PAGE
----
snapshot.create_tags(  # Add the following tags to the new snapshot
                  Tags = [
                          'Key': 'auto_snap',
                          'Value': 'true'
                          'Key': 'volume',
                          'Key': 'CreatedOn',
                          'Value': today_string
                          'Key': 'Name',
                          'Value': '{} autosnap'.format(name)
              print('Snapshot completed')
              snapshot_counter += 1
              snap_size_counter += snapshot.volume_size

              # Now iterate through snapshots which were made by autsnap
              snapshots = ec2.snapshots.filter(
                      {'Name': 'tag:auto_snap', 'Values': ['true']

              print('Checking for out of date snapshots for instance {0}...'.format(name))
              for snap in snapshots:
                  can_delete = False
                  for tag in snap.tags: # Use these if statements to get each snapshot's
                                        # cleated on date, name and auto_snap tag
                      if tag['Key'] == 'CreatedOn':
                          created_on_string = tag['Value']
                      if tag['Key'] == 'auto_snap':
                          if tag['Value'] == 'true':
                              can_delete = True
                      if tag['Key'] == 'Name':
                          name = tag['Value']
                  created_on = datetime.datetime.strptime(created_on_string, '%Y/%m/%d').date()

                  if created_on <= deletion_date and can_delete == True:
                      print('Snapshot id {0}, ({1}) from {2} is {3} or more days old... deleting'.format(, name, created_on_string, delete_after_days))
                      deleted_size_counter += snap.volume_size
                      deletion_counter += 1

  print('   Made {0} snapshots totalling {1} GB\
        Deleted {2} snapshots totalling {3} GB'.format(snapshot_counter, snap_size_counter, deletion_counter, deleted_size_counter))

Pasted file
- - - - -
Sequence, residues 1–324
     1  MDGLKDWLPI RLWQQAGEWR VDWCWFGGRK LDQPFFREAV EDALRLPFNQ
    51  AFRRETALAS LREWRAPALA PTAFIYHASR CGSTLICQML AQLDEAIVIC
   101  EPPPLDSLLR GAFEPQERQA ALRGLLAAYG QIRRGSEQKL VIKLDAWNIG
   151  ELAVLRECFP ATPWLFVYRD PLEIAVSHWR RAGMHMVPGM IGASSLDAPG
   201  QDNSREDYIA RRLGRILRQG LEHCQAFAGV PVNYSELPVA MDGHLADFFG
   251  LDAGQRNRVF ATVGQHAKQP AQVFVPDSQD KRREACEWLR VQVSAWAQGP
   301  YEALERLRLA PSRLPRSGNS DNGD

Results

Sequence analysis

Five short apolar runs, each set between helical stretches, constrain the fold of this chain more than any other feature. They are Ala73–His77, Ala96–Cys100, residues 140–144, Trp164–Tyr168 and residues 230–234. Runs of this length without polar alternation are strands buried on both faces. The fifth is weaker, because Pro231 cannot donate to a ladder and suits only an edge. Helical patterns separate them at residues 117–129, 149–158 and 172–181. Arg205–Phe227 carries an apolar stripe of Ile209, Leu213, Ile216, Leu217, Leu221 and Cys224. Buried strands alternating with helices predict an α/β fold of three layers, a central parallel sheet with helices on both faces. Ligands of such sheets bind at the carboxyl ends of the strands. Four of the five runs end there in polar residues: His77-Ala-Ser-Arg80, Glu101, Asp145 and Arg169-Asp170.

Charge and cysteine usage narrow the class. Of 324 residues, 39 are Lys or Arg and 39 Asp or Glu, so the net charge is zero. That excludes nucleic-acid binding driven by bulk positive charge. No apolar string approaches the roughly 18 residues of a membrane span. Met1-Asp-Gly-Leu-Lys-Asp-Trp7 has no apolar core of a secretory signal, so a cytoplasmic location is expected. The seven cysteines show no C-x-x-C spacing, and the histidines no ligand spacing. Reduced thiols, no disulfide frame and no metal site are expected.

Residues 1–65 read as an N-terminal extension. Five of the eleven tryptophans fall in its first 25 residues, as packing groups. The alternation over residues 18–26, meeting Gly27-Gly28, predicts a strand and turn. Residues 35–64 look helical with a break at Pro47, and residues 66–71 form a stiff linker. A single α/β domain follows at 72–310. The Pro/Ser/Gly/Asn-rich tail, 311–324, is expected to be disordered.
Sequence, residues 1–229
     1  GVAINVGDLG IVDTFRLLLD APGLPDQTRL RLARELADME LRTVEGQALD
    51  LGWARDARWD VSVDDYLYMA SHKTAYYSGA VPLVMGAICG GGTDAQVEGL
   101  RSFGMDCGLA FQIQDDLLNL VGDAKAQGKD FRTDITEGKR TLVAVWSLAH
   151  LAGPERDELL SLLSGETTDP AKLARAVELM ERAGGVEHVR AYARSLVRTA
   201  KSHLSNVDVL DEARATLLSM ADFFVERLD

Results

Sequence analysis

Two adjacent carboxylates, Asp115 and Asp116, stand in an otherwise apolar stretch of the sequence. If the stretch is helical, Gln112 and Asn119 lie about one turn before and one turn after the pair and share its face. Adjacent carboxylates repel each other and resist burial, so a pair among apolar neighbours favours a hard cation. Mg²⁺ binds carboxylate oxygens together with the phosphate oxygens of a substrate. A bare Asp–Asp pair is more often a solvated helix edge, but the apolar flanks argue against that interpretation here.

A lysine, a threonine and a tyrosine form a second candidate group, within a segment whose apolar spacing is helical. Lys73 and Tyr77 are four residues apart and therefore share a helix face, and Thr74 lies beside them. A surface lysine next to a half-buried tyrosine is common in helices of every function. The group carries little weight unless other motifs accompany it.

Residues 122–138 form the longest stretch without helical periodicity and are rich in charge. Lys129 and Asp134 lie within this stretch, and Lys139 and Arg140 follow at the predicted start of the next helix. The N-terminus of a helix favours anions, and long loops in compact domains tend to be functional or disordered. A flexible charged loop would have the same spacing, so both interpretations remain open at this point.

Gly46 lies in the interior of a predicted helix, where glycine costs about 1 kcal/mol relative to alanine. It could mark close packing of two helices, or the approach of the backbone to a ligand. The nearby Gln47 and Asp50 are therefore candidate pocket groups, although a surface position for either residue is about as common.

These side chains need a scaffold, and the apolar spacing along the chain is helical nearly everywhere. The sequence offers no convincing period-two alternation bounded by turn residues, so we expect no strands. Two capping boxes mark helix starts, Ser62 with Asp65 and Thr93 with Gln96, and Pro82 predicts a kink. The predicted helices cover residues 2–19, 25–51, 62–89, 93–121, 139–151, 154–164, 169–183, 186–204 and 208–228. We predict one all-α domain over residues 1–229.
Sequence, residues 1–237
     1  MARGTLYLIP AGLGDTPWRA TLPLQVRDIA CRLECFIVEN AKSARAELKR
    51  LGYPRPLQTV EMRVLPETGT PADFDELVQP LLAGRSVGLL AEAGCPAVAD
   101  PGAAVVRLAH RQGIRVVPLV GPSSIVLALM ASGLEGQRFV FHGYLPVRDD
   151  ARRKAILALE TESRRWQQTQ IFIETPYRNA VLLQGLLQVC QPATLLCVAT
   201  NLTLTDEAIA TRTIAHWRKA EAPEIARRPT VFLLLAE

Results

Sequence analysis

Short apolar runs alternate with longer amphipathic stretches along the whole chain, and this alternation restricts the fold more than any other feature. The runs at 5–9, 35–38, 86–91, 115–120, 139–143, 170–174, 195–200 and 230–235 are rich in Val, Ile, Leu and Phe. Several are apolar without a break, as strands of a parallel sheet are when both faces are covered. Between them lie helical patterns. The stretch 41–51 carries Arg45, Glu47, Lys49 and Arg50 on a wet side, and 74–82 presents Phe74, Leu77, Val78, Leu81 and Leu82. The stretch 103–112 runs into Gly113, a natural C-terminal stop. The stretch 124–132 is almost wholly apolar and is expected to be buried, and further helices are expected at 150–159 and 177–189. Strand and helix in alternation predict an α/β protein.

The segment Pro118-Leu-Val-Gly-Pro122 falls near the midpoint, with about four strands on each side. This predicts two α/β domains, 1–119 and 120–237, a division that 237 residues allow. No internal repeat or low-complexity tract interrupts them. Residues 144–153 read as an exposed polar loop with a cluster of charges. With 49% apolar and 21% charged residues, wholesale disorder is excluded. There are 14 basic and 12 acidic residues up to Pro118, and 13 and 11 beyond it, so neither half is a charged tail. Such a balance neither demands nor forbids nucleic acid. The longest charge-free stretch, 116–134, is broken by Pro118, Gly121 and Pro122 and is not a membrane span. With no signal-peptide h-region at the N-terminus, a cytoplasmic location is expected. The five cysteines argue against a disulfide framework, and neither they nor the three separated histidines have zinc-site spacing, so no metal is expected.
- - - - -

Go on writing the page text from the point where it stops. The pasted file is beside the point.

Every time this function is run, it will do the following:

There is one final thing to change on this page, located under Basic Settings, the default timeout for lambda functions is 3 seconds, but we will need to increase this (I used 59 seconds), otherwise our function will timeout before completing the snapshots correctly.

Basic settings

Click Save to save the function. (And having saved it, use the Test button to verify everything is working correctly.

Cloudwatch Rule

Now that our lambda function is prepared, we need to automate it using a CloudWatch rule. Navigate to the CloudWatch Management Console Services -> CloudWatch -> Rules and select Create Rule.

Below are the settings I used to create the rule – the below cron schedule will run the function every day at 12:05am UTC.

Create rule

Press the Configure Details button and then on the next page select Create Rule.


Every time this lambda function runs, it will print a log to a folder in CloudWatch. On the AWS Management Console, navigate to Services -> CloudWatch -> Logs.

The function we have just made is auto_instance_snapshotting, shown below.


Opening this folder gives a series of logs streams, each one from a different time the function was run. I’ll open the most recent one, this shows all logs and print statements generated by our lambda function. If you tested your function earlier, you’ll be able to check the logs here to ensure it ran successfully.


A nice feature of CloudWatch is the alarms feature. It can be used to monitor metrics and send email notifications if user-defined threshold is breached. In this case, I have configured an alarm to email me if this function errors.

This can be done via Services -> CloudWatch -> Alarms -> Create Alarm. You will be prompted to select a metric, find the metric by clicking on Lambda Metrics -> By Function Name -> Your Function Name (Metric Name: Errors).

Select Metrics for Alarm

And on the following page, use the below settings to set up the email notification.

Define alarm settings

Points to Consider

Related Links